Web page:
Abbott Sues French HIV/AIDS Advocacy Group for Launching Attack on Company’s Web Site, Wall Street Journal ReportsAbbott Laboratories on May 23 filed a lawsuit in French criminal court against the HIV/AIDS advocacy group Act Up-Paris for launching a "cyber attack" on the company's Web site, the Wall Street Journal reports.
According to the Journal, Act Up-Paris on April 26 organized an attack on Abbott's Web server in response to a call from Thai HIV/AIDS groups to protest Abbott's recent actions regarding its antiretrovirals Aluvia and Kaletra in Thailand. The group encouraged between 500 and 1,000 HIV/AIDS advocates from Canada, France, India, Thailand and the U.S. to click on a link posted on Act Up-Paris' Web site that caused Abbott's server to become overloaded. According to Jerome Martin, a member of the group, the attack lasted four hours and disabled Abbott's site for about 30 minutes the night before the company's annual shareholder meeting. An unnamed Abbott spokesperson said the site was disabled for longer than 30 minutes but was unable to give a specific time, the Journal reports.
In the suit, Abbott claims that the attack interrupted some of its business activities, such as online sales of nutritional products. Abbott also alleges that the group violated two articles of the French penal code that prohibit disrupting a Web site and providing the means to do so, according the Journal. Abbott spokesperson Scott Stoffel said the company "respect[s] the right to protest, and while our organizations can disagree on various matters, it is important to convey those disagreements in a respectful, appropriate and lawful manner."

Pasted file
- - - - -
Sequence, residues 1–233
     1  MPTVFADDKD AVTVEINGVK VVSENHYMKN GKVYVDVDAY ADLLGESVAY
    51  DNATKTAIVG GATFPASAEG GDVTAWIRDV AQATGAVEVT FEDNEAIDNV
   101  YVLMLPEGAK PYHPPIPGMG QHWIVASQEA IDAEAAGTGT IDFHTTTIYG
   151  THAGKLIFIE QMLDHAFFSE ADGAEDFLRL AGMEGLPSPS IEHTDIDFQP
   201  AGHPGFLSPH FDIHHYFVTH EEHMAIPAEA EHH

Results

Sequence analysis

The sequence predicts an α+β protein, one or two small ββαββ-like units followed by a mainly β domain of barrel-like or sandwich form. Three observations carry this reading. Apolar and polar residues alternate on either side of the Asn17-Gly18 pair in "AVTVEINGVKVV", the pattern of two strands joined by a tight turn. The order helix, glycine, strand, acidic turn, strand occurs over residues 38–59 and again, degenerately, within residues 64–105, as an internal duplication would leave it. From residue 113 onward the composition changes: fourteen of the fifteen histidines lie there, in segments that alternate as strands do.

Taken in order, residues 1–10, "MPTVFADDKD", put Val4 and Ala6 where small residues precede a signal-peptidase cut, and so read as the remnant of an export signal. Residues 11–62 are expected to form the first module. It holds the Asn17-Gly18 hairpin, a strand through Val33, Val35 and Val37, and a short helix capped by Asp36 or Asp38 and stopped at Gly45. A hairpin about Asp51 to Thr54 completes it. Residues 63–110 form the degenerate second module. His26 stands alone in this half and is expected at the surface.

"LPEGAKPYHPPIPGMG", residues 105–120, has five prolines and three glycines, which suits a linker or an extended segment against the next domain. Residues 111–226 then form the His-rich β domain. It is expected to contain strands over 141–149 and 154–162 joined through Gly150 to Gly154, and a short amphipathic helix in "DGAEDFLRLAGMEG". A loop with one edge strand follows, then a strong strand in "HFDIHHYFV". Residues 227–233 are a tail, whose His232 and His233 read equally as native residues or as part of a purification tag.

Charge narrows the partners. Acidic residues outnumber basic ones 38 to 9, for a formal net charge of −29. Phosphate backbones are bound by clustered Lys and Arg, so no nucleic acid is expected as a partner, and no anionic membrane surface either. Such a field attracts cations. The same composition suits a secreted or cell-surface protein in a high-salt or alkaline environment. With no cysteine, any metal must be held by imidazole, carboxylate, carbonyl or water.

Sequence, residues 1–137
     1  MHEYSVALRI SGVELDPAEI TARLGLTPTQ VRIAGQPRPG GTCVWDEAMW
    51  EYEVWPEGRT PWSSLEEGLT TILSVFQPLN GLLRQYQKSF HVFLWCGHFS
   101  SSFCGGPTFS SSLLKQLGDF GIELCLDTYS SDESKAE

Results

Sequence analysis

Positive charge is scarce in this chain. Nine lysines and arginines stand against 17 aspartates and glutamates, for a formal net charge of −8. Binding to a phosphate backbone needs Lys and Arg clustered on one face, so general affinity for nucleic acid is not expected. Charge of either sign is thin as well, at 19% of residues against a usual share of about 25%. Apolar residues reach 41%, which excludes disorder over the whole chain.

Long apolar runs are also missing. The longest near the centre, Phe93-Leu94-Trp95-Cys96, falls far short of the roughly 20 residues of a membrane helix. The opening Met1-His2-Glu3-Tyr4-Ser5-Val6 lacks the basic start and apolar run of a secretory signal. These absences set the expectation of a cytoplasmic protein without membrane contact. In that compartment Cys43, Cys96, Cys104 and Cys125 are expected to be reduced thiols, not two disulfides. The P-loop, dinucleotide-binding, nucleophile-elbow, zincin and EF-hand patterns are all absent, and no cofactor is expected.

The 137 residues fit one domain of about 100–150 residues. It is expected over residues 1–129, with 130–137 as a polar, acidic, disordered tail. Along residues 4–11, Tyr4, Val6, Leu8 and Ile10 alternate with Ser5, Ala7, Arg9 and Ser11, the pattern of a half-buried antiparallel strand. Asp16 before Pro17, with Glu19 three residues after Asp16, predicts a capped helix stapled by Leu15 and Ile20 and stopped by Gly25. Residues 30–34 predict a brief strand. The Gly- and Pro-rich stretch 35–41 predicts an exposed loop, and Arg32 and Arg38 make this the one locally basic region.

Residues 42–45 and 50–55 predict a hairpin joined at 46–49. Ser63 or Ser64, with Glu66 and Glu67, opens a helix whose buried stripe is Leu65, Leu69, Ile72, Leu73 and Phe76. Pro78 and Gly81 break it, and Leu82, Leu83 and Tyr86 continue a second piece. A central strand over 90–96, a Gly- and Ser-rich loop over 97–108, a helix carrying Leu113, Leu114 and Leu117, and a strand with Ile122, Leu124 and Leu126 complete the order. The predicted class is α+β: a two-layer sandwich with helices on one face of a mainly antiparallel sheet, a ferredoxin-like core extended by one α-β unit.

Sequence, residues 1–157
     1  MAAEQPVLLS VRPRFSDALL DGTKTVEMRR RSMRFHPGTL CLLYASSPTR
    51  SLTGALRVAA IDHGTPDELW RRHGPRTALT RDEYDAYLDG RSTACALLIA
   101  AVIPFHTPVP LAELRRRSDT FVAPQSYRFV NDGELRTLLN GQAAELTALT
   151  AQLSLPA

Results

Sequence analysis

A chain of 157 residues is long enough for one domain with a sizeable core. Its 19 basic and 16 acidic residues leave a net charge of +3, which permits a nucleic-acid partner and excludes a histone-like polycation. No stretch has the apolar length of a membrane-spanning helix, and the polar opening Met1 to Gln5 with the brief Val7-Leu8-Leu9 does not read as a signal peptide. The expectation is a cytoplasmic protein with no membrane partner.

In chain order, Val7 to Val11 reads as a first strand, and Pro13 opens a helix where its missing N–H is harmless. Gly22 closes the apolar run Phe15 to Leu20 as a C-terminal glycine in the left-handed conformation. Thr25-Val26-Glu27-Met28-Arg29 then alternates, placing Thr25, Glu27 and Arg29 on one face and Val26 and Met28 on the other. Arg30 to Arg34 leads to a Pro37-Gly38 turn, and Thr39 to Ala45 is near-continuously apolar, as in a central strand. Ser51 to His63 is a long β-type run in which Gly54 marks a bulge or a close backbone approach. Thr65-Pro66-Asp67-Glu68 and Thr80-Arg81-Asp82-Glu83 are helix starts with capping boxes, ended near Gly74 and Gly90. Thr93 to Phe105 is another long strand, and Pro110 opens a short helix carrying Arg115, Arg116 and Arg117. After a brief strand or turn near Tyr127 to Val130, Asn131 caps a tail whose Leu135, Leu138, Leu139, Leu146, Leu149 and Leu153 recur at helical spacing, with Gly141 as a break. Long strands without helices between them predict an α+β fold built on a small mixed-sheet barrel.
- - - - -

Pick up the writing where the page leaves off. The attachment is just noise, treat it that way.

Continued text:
Martin said that Act Up-Paris will defend itself against the lawsuit and plans to use media coverage of the lawsuit to draw attention to Abbott's actions in Thailand. "We're going to use the forum [Abbott is] offering us to talk about Thailand again and the horrible consequences their decision has had there." If the court rules against Act-Up Paris, the group could be fined as much as 75,000 euros, or $100,000, and be ordered to disband, the Journal reports (Carreyrou/Johnson, Wall Street Journal, 6/18). This is part of the KHN Morning Briefing, a summary of health policy coverage from major news organizations. Sign up for an email subscription.